Published on December 29th, 2015 | by Patrick Garde0
A Good Snowman is Hard to Build Review
A Good Snowman is Hard to Build is a light and cheerful puzzle game developed by Alan Hazelden and Benjamin Davis. The latter being the artist behind the art-style, and the former behind the puzzle designs. The original soundtrack was covered by Ryan Roth.
This iOS and Android game has little story woven within it as possible. Simplicity of the story is as follows: you’re a monster, and you build snowmen. There is nothing more to it than that which results in the story being non-existent. It’s not that bad as the player can focus solely on the puzzles that are given on hand.
The gameplay in A Good Snowman is Hard to Build literally revolves around you building yourself a snowman, but it will all be down to you figuring out exactly how, for that particular puzzle. The way the puzzle work is that whenever your start a new one, you’re given access to three snowballs. These snowballs can either vary in size from small, medium, and large, or you could even start off with three small snowballs, at which point it then becomes your job to get yourself one of each size of snowball.
The reason behind getting one of each size is because that is how you build a snowman. You start off with a large snowball, and then you push the medium snowball onto it, and then you complete your snowy masterpiece by placing the small snowball on top, and you will be rewarded with a little animation of the snowman being given a few little extra touches, like a hat, scarf, and other little details.
Building a snowman isn’t all that easy (hence, the title, A Good Snowman is Hard to Build) since with each new snowman you need to build, you will come across a number of obstacles that will make building your snow-filled friend a struggle. Thankfully, there are a couple of mechanics in play to help make that dream snowman of yours. One of these mechanics is where you can place a smaller snowball on top of a larger one, and then you can push it in any direction available to you. At first, it isn’t a mechanic you’ll make much use of, but trust me, the time will come where that becomes a necessity.
Along with that, there’s a mechanic where whenever you roll a snowball along snow, it increases in size, from small to medium to large. Once the snowball has reached the largest size it can go, it will simply clear that square of snow, so you can roll a smaller snowball along it, without the worry of increasing its size. That right there is a mechanic you want to master as soon as possible.
When it comes to controls, the iPhone game opts for the more simplified approach. For instance, you will move your character by tapping on the screen for the destination you would like the monster to go. To make a snowman, you need to roll snowballs, you will have to swipe in the desired direction for the ball to be rolled, providing it can be pushed, since your character can’t pull back on a snowball.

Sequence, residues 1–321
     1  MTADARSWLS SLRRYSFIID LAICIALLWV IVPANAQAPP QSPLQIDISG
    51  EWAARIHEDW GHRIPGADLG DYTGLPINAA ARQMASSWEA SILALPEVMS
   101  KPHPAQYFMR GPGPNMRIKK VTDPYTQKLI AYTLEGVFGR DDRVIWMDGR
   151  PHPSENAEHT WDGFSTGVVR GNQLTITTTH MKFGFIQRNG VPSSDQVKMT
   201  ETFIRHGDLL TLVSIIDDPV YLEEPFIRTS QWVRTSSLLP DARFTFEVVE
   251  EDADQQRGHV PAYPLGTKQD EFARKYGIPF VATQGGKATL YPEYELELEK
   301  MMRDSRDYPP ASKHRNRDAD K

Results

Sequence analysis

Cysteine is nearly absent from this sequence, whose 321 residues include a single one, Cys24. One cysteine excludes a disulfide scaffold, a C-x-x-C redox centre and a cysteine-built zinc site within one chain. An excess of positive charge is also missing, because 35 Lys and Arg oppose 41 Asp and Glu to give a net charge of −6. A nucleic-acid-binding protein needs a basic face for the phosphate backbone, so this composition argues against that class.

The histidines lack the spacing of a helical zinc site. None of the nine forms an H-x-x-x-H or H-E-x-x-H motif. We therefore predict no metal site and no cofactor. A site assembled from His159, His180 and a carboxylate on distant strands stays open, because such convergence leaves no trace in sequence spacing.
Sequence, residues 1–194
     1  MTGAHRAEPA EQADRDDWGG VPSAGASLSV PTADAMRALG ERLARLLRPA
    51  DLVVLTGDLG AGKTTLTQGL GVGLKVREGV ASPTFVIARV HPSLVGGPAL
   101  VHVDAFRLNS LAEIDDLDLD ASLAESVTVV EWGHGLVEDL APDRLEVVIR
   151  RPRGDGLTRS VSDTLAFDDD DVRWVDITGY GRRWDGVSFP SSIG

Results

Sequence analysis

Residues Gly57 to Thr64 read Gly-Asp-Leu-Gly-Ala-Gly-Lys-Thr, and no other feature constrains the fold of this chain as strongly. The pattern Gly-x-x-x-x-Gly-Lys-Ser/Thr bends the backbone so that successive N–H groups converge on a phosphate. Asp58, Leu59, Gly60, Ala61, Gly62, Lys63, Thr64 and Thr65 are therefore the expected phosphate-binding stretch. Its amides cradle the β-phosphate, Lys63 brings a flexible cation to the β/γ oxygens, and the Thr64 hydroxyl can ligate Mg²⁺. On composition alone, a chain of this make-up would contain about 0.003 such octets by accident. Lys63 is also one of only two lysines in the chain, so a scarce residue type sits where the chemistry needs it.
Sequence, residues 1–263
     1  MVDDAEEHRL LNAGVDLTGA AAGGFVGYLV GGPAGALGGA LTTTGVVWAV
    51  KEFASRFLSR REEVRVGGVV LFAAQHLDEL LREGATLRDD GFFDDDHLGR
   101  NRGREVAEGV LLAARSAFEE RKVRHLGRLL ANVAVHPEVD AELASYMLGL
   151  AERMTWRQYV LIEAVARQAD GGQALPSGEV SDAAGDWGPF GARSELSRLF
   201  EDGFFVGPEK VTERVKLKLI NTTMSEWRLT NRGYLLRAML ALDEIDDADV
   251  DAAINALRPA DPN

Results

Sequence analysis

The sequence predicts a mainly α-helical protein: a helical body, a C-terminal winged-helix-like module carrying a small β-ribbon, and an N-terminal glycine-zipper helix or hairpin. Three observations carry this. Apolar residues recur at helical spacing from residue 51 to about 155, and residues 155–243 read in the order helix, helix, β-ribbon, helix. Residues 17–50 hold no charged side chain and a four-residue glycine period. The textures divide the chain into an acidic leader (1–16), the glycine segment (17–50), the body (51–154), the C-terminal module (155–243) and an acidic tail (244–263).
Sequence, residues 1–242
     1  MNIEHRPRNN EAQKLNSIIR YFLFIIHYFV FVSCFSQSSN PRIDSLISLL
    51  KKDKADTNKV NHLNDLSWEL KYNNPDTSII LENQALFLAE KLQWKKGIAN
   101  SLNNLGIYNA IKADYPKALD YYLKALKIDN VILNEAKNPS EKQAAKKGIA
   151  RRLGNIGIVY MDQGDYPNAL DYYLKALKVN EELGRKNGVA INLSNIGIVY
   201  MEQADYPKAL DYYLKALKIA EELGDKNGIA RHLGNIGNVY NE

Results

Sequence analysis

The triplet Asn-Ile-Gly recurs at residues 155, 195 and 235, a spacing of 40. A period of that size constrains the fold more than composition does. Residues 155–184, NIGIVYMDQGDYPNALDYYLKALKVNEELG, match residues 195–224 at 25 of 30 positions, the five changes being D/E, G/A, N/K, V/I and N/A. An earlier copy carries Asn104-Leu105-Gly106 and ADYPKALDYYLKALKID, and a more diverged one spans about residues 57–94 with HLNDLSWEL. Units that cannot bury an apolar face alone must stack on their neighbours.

Instead of the traditional puzzle game for iPad where completing a level and then moving on, you have it all open to you instead, and can just walk into the next little area for the new puzzle. With each puzzle you solve, the world you’re playing in will open up a little passageway, allowing you into the succeeding puzzle.
In terms of aesthetics, the Android game has a cute graphics style that anyone can enjoy. Visually, the game looks gorgeous, and the overall cute design it has in every single aspect of the game only improves it as a whole.
Original soundtrack for the iPhone game is beautifully done, and I didn’t notice that at first, but once I used the telescope in the game for the first time, which slowly zooms out to show you how well you’ve done, the game plays this beautiful piece of music along with it. I can’t deny that I proceeded to redo that particular action, just for that piece of music, all from a composer who certainly did one darn good job on this one.
The only real problem I can find with the iPad game is that it does seem a little short, even more so if you’re an individual who really enjoys their puzzle games. To extend the length of the game, you can try to get the optional achievements and there are a set of bonus puzzles as well.
Overall, A Good Snowman is Hard to Build ($4.99) is one solid game, that does so little wrong. Graphically, it’s gorgeous, and so is the soundtrack. Puzzles are fun and satisfying to finish, and yet they’re not too challenging to the point where it gets frustrating. Only crux of the Android game that I can think of is how short it is, which does include the lack of replay-value, due to the fact that doing the same puzzles all over again don’t provide the same challenge as they first did.
Summary: A Good Snowman is Hard to Build is a great puzzle game, and one you shouldn’t pass up at all, especially with those gorgeous graphics and that beautiful soundtrack. But once you beat the game, you probably won’t find yourself coming back to it except for the optional achievements and bonus puzzles, if you want to extend the game.